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Lessons in Manufacturing Growth from 5 Industry Leaders

Posted by Steven Brand on Oct 25, 2016 1:00:24 PM

Apple Building.jpegThe manufacturing industry is a powerful economic force – both nationally and globally. What can five leaders in the industry teach the rest of us about growth? The following lessons include industry-based, general and personal insights.

Streamline the all-important supply chain via digitization

Dave Lubowe is the leader of digital operations at IBM Global Business Services. It’s nothing new for the manufacturing sector to have to navigate fragmented and complex supply chains. Up to 90 percent of a manufacturer’s cost can be chewed up in meeting supply chain demands, which is why emphasis is now being put upon digitizing the process as much as possible, which saves time and money.

“Today, operational boundaries are being redefined by digital disruptors,” says Lubowe in a recent Forbes piece concerning manufacturing growth. “Leading companies are increasingly transforming operations with analytic approaches like simulation of ‘what if’ scenarios which combine data….”

Establish & maintain a strong link with the market/customer

Robert Lane was CEO of John Deere until 2010, where he continued growth for the company through a very troubled market. As important as overall manufacturing production is, that’s not everything. Lane says keeping a sound connection to the customer is very important. To that end, research and development is something in which the company happily invested, as well as taking great care to remain open to receiving customer feedback.

One of Lane’s big principles is to ensure manufacturing growth, which means producing a product people actually want.

Manufacturing Growth Tip: Maintain a Strong Link with the Market #business #manufacturing

Ask for possible future solutions to current problems

Rachel Nguyen is the executive director of Future Lab, a subdivision of Nissan. As a social scientist and veteran of research and development, she develops ideas in transportation that can have impact in the near and distant future.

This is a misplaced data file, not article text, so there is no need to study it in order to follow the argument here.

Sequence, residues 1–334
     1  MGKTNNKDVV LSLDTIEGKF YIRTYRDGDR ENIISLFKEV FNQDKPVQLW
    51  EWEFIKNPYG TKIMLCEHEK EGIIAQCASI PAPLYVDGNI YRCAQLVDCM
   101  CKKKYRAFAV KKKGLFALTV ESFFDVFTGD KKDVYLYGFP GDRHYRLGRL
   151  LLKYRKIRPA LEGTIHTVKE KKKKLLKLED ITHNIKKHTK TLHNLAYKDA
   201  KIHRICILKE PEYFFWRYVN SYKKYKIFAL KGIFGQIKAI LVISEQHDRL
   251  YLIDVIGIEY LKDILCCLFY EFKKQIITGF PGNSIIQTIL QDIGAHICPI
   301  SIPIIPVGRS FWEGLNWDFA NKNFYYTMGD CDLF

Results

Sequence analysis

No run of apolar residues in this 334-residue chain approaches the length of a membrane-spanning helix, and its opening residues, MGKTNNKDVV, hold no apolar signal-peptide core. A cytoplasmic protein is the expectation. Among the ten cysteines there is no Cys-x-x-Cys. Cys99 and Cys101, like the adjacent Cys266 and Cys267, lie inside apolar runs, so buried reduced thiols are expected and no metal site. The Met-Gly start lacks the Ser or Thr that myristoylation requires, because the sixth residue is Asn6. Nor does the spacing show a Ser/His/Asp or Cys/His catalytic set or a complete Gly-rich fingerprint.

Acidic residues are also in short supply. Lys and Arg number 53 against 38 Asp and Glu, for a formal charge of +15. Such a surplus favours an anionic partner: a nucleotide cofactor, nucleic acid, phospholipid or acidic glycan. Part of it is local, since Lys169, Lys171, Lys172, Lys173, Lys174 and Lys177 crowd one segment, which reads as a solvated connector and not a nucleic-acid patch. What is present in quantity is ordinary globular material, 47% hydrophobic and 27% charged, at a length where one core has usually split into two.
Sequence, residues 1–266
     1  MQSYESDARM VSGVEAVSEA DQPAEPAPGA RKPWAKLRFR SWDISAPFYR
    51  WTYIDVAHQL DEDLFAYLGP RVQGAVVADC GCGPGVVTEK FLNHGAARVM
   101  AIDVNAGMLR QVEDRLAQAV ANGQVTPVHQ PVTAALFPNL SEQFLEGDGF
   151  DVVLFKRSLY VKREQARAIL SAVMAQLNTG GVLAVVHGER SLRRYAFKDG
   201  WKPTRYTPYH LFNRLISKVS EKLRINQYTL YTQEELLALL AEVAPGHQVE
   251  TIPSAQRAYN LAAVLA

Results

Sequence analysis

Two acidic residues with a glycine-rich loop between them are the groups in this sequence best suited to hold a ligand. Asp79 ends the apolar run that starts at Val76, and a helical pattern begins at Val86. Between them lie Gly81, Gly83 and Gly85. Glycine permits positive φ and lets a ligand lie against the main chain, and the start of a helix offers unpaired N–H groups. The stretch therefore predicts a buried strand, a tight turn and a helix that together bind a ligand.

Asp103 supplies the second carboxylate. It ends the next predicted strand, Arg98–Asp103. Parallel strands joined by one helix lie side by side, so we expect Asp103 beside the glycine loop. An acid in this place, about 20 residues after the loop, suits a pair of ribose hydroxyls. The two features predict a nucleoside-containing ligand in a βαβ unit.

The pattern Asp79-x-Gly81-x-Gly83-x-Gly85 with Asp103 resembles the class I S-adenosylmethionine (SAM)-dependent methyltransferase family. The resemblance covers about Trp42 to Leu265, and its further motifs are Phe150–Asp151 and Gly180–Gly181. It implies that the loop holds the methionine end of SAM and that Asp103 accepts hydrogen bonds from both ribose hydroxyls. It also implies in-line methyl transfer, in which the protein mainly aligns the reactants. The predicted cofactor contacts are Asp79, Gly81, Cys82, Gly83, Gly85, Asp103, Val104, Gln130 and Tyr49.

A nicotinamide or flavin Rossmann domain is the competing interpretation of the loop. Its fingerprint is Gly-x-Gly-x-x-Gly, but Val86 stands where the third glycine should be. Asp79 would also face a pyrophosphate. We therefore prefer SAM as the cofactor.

One of her big-money questions involves the nimbleness of big companies: Can they move quickly? – Whether or not anyone has answered that question remains elusive to her. One workaround for the problem is to partner with smaller entities working on specific challenges.

Do not lose track of the basics with discipline

Burt Jordan is Ford’s vice president of purchasing and supplier diversity. A student-athlete in college, he gained much of his valuable education in the real world while working for GM. Still a young professional when he went to Ford in 1999, he was struck by just how smart, creative and outside-thinking so many of the employees were there.

For all the value and diversity of ideas with creativity, problems arose when it came to execution. Jordan says some more discipline in this creative culture would have solved the problems with execution.

Practice great habits in your personal and business life

Apple’s current CEO Tim Cook has a different perspective. While the previous lessons in manufacturing growth are manufacturing-centric, no industry exists on an island. And, neither do the people who work in the industry. Since 2011, Cook has taken the company, which recently reclaimed Industry Week’s top ranking in manufacturing, to new heights.

Part of Cook’s success in business seems to correspond to remarkable personal traits. He’s an early riser among early risers: he gets up around 3:45 a.m. nearly every morning! Cook uses this time to answer emails, hit the gym and it enables him to enter work with a sense of momentum.

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Topics: Growth

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